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Ideas & Debate

How to lift 20m Kenyans out of poverty in 10 years

more than a third of the Kenyan population lived in poverty
In 2015/16, more than a third of the Kenyan population lived in poverty, that is 36.1 percent measured at the national poverty line. FILE PHOTO | NMG 

In 2015/16, more than a third of the Kenyan population lived in poverty, that is 36.1 percent measured at the national poverty line. This begs the question on what can be done to help lift more people out of poverty. Or – as is currently being debated in Kenya – what needs to be done to lift half of Kenya’s poor people out of poverty in the next 10 years?

With an estimated population of 51.4 million people and a projected poverty rate of 33.1 in 2018 based on standard growth assumptions, Kenya had about 17 million poor people in that year. Reducing this number to half or 8.5 million individuals in 2028 requires more than a reduction by 8.5 million individuals as Kenya’s population was growing at an estimated rate of 2.3 percent in 2018. Assuming this population growth rate to remain constant, Kenya will have a population of 64.5 million in 2028. With the objective to have no more than 8.5 million individuals living in poverty, this implies a poverty rate of 13.2 percent – or lifting about 1.3 million individuals out of poverty every year.

Over the last decade from 2005/6 to 2015/16, the Kenyan economy grew at an average of about 5.3 percent and managed to reduce poverty substantially by about 1 percentage point per year. Using standard growth assumptions and the same impact of growth on poverty as in the past, Kenya can expect a poverty rate of 23.1 percent in 2028.

In other words: If Kenya continues to grow robustly as in the previous decade, 14.9 million people will remain in poverty in 2028 – 6.4 million more poor people than the goalpost of halving the number of poor people in Kenya.

Thus, Kenya needs specific policies to be able to come closer to the goal of 8.5 million poor individuals in 2028.

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So what can Kenya do to reduce poverty more quickly? The Kenya Poverty and Gender Assessment published by the World Bank looks in detail into the drivers of poverty reduction in Kenya over the last decade. In fact, poverty reduction was most effective in rural areas, from about 50 percent in 2005/06 to 38.8 percent in 2015/16, while the urban poverty rate remained statistically unchanged around 30 percent.

Improvements in agricultural productivity and raising farmer’s income through linkage to industrial value chains are paramount to further reduce rural poverty.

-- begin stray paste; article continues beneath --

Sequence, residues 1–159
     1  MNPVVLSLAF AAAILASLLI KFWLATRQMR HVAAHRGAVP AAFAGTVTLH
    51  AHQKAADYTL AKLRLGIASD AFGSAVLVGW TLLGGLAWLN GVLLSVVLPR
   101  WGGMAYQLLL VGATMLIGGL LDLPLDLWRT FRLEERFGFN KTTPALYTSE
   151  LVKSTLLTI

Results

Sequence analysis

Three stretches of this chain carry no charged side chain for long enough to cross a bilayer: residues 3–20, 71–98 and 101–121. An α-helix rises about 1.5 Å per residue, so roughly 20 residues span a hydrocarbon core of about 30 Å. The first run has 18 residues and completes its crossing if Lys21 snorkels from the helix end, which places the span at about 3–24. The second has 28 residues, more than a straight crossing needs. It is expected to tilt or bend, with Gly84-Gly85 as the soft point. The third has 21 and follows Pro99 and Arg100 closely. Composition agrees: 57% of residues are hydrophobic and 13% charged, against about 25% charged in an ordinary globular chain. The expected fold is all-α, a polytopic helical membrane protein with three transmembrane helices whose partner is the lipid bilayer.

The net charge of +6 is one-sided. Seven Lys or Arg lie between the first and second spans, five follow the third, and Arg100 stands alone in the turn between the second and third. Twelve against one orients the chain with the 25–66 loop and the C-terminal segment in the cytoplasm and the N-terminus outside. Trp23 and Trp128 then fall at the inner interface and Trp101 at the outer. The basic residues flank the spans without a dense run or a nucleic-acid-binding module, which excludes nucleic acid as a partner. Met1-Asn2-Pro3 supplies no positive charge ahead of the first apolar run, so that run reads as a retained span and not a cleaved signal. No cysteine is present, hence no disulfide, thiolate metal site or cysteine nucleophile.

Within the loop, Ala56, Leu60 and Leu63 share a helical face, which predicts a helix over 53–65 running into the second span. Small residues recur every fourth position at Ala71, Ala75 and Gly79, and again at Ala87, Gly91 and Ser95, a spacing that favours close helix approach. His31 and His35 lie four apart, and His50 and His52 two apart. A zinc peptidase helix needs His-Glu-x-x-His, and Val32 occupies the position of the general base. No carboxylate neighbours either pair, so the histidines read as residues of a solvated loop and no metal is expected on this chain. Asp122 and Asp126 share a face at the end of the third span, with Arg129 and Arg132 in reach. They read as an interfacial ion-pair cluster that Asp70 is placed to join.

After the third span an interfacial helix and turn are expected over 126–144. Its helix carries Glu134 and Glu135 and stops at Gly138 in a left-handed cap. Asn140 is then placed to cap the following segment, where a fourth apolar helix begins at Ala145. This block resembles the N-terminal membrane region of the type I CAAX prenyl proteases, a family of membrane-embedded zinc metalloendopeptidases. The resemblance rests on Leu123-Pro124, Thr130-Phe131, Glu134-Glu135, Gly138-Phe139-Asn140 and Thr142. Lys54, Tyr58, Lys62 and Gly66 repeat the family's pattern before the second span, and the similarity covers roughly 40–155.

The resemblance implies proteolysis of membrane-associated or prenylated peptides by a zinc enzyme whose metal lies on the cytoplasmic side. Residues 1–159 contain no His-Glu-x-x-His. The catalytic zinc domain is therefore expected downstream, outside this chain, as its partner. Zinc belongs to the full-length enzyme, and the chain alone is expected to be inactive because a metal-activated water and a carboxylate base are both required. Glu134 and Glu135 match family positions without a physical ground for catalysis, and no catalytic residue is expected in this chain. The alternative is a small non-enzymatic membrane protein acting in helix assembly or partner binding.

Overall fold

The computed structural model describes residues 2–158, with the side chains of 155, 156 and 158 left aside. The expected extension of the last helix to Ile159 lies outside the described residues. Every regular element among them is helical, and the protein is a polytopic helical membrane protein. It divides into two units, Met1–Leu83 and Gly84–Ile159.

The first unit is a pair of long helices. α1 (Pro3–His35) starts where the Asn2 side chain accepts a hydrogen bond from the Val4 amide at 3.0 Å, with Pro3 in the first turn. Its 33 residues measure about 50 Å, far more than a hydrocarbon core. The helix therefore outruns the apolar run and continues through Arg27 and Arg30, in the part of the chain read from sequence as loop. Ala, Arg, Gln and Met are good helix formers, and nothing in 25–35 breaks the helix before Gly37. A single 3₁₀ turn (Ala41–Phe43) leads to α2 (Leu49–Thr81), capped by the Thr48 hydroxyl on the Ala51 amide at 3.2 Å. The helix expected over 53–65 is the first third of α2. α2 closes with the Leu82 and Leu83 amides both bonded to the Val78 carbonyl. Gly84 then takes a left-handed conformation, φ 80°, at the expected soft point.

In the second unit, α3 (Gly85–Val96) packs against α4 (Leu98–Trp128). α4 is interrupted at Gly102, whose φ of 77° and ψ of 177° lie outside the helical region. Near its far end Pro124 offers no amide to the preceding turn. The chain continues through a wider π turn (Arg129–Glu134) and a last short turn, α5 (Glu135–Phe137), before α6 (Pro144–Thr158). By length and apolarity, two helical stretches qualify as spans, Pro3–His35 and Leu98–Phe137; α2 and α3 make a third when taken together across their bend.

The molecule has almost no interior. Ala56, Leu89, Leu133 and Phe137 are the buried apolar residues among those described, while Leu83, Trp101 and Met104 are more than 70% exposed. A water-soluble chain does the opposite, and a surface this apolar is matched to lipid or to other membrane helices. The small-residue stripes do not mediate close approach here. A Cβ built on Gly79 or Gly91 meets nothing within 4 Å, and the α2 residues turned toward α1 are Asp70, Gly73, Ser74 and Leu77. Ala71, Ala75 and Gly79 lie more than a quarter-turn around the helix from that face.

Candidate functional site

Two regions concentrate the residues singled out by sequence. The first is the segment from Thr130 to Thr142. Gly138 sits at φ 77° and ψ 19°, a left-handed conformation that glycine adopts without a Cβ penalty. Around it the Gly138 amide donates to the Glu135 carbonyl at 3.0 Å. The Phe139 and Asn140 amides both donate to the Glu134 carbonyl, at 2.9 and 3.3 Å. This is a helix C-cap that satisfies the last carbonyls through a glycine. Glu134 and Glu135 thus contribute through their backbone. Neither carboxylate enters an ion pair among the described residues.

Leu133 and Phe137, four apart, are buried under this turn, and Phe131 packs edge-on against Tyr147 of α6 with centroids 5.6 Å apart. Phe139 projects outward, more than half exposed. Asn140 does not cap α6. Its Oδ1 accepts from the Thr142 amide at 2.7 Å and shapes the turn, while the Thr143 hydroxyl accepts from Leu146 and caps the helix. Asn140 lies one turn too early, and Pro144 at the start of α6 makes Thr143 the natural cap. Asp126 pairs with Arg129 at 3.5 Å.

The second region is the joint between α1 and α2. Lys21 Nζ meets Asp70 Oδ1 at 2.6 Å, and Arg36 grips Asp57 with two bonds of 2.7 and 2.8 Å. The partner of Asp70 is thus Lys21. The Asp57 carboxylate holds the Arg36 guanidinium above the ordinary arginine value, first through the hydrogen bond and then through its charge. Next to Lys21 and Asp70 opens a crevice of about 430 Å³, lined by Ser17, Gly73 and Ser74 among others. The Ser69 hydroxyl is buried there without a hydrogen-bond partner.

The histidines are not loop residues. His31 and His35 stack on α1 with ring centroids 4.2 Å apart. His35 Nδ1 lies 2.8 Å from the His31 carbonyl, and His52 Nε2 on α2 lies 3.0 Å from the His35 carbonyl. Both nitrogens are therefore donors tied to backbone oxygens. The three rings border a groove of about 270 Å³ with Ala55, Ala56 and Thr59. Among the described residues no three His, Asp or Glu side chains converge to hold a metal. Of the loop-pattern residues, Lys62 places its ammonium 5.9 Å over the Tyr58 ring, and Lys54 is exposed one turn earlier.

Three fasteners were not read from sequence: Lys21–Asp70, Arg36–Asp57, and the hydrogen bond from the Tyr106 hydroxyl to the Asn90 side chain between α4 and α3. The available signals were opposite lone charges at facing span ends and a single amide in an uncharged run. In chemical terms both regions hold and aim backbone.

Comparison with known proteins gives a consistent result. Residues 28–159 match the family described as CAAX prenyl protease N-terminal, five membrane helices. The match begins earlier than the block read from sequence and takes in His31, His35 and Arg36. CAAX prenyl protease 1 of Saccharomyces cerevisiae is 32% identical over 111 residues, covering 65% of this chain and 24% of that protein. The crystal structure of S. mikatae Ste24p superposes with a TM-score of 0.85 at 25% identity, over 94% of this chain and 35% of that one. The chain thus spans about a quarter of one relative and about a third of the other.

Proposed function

For example, this can be done through high-quality extension services to help farmers apply best practices and get better access to inputs, and formation of aggregation centres to help farmers bargain for better prices for their products. In fact, agriculture accounts for at least a quarter of GDP over the last decade and is key for poverty reduction in rural areas as 57 percent of rural households derive their incomes from it.

Also in other countries, poverty was often initially reduced with the help of agricultural growth. For example, China’s market reforms in 1978 resulted in spectacular agricultural growth reducing poverty while labour started to be reallocated to a blossoming sector of rural enterprises.

A similar case can be made for South Korea, where a strong phase of agricultural, rural-based, development seems to have been a prerequisite for successful posterior growth. Thus, agriculture and rural development remain critical even when the economy starts shifting towards industry or services.

But Kenya also needs more and better job opportunities especially for youth in the rural areas and particularly in cities where improving mass transportation and other urban infrastructure is also key.

A large fraction of the urban population cannot take advantage of living in a city. Instead, they often live in informal settlements bearing the high costs of living in a city, without being able to tap into its opportunities, for example, through better job opportunities or better access to services.

To remedy this situation, infrastructure investments need to improve transportation and service delivery, while more affordable and formal housing can reduce the high costs.

Less evidence is available to support policies incentivising people to migrate from rural to urban areas, especially because good jobs are also scarce in urban areas, and often require higher skill sets that take time to build.

Thus, policies on human capital development such as improving education as well as health delivery with a focus on the poor will be a crucial investment into the future, so that also the poor will be able to take advantage of higher-skilled jobs and contribute to higher productivity in Kenya.

So the answer to the question on what it would take to lift half of the poor from poverty in the next 10 years is a combination of policies, in which the agricultural sector will continue to play an important role, complemented by more and better jobs as well as improvements in education and health.

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